Study of Floristic Diversity and the Structural Dynamics of Some Species Providers of Non Woody Forest Products in the Vegetable Formations of the Centre East of Burkina Faso
The goal of this study is to contribute to a better knowledge of certain species providing Non Woody Forest Products (NWFP) in the Centre East of Burkina Faso. This study aims to determine the state of the resources in Vitellaria paradoxa, Balanites aegyptiaca, Tamarindus indica and Lannea microcarpa. For this purpose, an inventory of the vegetation was carried out in circular pieces of land of 1250 m2, as a sample of the zone of work, based on the chart of occupation of the grounds. We are identified 158 species comprising 90 genera and 47 families. Those species represent more than 90% of the trees from which various parts are used in food, traditional pharmacopeia and the craft industry. We also showed that because of the strong anthropisation of the zone, the bad pedoclimatic conditions and the permanent bush fires, the regeneration and growth of Vitellaria paradoxa, Balanites aegyptiaca, Tamarindus indica and Lannea microcarpa are disturbed.
to cite this article:
J.M.K. Ky, C. Gnoula, P. Zerbo, J. Simpore, J.B. Nikiema, A. Canini and J. Millogo-Rasolodimby, 2009. Study of Floristic Diversity and the Structural Dynamics of Some Species Providers of Non Woody Forest Products in the Vegetable Formations of the Centre East of Burkina Faso. Pakistan Journal of Biological Sciences, 12: 1004-1011.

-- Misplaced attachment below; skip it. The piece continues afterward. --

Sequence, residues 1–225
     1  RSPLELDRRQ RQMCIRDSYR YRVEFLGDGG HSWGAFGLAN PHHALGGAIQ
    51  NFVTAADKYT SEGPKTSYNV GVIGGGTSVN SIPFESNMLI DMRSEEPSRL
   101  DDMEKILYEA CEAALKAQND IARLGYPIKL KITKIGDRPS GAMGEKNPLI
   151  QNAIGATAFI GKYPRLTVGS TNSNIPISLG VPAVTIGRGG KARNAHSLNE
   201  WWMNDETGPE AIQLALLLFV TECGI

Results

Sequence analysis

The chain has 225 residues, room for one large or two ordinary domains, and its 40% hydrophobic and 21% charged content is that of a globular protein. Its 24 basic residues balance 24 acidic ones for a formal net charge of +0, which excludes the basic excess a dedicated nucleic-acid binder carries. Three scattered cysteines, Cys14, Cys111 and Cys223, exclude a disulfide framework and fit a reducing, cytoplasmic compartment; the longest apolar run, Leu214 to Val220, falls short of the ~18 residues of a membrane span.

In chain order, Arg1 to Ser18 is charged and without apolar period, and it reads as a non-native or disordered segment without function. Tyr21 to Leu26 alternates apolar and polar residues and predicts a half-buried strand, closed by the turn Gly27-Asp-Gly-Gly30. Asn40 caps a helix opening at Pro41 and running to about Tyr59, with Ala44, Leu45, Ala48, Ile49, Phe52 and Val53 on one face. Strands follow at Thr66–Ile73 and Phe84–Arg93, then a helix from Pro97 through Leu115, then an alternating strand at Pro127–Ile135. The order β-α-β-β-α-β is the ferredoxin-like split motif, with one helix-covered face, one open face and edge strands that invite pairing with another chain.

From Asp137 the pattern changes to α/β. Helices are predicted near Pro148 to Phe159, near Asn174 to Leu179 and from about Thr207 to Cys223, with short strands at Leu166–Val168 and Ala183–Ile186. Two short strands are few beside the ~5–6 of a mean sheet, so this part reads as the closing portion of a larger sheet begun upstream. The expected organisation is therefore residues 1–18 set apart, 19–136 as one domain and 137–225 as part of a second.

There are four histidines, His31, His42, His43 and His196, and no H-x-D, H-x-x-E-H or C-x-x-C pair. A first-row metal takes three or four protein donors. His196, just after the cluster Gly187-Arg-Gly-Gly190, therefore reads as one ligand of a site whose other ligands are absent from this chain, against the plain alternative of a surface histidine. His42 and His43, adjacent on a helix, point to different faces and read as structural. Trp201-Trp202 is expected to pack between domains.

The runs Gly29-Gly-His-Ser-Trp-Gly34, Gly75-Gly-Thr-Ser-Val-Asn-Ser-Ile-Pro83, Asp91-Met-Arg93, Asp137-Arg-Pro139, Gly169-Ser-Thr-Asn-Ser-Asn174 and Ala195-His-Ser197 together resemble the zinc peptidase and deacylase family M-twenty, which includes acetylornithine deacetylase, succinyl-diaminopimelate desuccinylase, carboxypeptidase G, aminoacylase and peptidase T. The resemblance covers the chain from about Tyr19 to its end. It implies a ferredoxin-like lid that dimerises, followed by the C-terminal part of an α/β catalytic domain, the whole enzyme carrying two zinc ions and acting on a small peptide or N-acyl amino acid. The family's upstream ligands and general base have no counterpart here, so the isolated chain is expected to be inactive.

Forest products constitute an important source of income for the rural populations
of Burkina Faso. Therefore, the component environment is a strategic axis in
the implementation of the Strategic Framework of Fight against Poverty in Burkina
Faso (Burkina Faso Ministry of Economy and Development, 2004).
Forest installations, initially focussed on the production and exploitation
of high commercial value wood (Marshall and Newton, 2003)
did not take into account the economic importance of other tree products. However,
certain products formerly described as sub-products or secondary products play
important socio-economic roles as much as wood itself (Anderson
and Farrington, 1996; FAO, 1995). It is the case of
Vitellaria paradoxa, Balanites aegyptiaca, Tamarindus indica,
Adansonia digitata and Lannea microcarpa. However, the exploitation
of these resources remains artisanal with an uncontrolled management (Sunderland
and Ndoye, 2004). Perceived as a gift of nature, these woody phytogenetic
resources were not under any rules of durable management in rural areas in Burkina
Faso. However, the influence of human activities on the dynamics of vegetation
and ecosystems evolves with demographic growth and constitutes a threat for
the survival of many utility species (Lykke et al.,
1999; Backer et al., 2004). Thus, the perenniality
of these species is compromised in certain formations of vegetation and particularly
in tree savannas, shrubby savannas and fields. In fact the vegetation of Burkina
Faso which is dominated (up to 2/3) by the formations of the savannas (Paré,
2008), is still undergoes deep structural and floristic changes because
of anthropic pressures and recurring droughts (Lindqvist
and Tengberg, 1993; Gijsbers et al., 1994;
Agnew and Chappell, 2000). This results in an accentuation
of the phenomenon of desertification, involving a higher mortality rate of woody
species and a degradation of the vegetation (Baumer, 1994;
Ræbild et al., 2007; Wittig
et al., 2007). However, the diversity and the structure of the vegetation